Working with Individuals who are Deaf-Blind: A Course for Vocational Rehabilitation Counselors and Other Professionals
This course provides VR counselors and other related professionals with information and resources that will help them support individuals who are deaf-blind to find and maintain fulfilling employment that leads to a high quality of life.
Although there are many references in this course to the vocational rehabilitation field, other professionals working with individuals who are deaf-blind can benefit from almost all of the information in this course as it is primarily focused on specific supports and strategies that can apply to a variety of situations.
The course is divided into 5 modules. It is recommended that the user complete all of the modules and that the modules be followed in the order listed on the platform. However, it is possible to complete individual modules if you feel you do not need the entire course. If you do purchase separate modules, please be aware that there may be references in the module you choose to materials that are contained in a different module. Please also note that you can change the order of the modules if you prefer or have specific content needs. Again, please note that some of the modules suggest that you refer to a different module for more information on that topic. The 5 modules include:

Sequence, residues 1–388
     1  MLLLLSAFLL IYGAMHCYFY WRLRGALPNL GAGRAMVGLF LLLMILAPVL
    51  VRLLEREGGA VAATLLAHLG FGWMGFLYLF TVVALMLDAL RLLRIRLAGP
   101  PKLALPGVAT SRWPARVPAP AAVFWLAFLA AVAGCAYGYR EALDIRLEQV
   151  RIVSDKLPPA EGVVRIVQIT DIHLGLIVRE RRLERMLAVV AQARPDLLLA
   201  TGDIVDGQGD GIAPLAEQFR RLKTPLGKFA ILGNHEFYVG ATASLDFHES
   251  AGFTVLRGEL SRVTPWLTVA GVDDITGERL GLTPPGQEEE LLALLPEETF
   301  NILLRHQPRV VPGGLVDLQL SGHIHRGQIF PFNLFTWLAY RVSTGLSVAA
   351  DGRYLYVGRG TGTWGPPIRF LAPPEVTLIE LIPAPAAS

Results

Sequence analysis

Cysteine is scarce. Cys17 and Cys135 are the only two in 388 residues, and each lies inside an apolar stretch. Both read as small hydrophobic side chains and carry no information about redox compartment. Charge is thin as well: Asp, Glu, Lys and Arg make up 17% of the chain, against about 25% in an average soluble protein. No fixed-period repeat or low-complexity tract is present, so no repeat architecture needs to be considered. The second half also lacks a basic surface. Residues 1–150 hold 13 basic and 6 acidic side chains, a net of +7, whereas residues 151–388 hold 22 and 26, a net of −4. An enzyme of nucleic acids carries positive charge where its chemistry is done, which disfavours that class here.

- The Role of the Vocational Rehabilitation Counselor
- Introduction to Deaf-Blindness and Etiologies
- Communicating with Individuals who are Deaf-Blind
- Ensuring Equal Access and Participation
- Remaining Current
Throughout this training series, we use the term deaf-blind to refer to a diverse population of individuals with varying degrees of combined vision and hearing loss. Helen Keller National Center has historically followed the guidelines that the consumer organization, American Association of the Deaf-Blind (AADB) established by using the term “deaf-blind”. Recently AADB changed its use of the term to “Deaf-Blind”. For now, HKNC continues to use the term “deaf-blind” but is exploring this with an advisory committee of individuals who are deaf-blind. People who are deaf-blind may have their own preference about how they are identified. Other terms that are commonly used are: combined vision and hearing loss, blind and hard of hearing and dual sensory loss.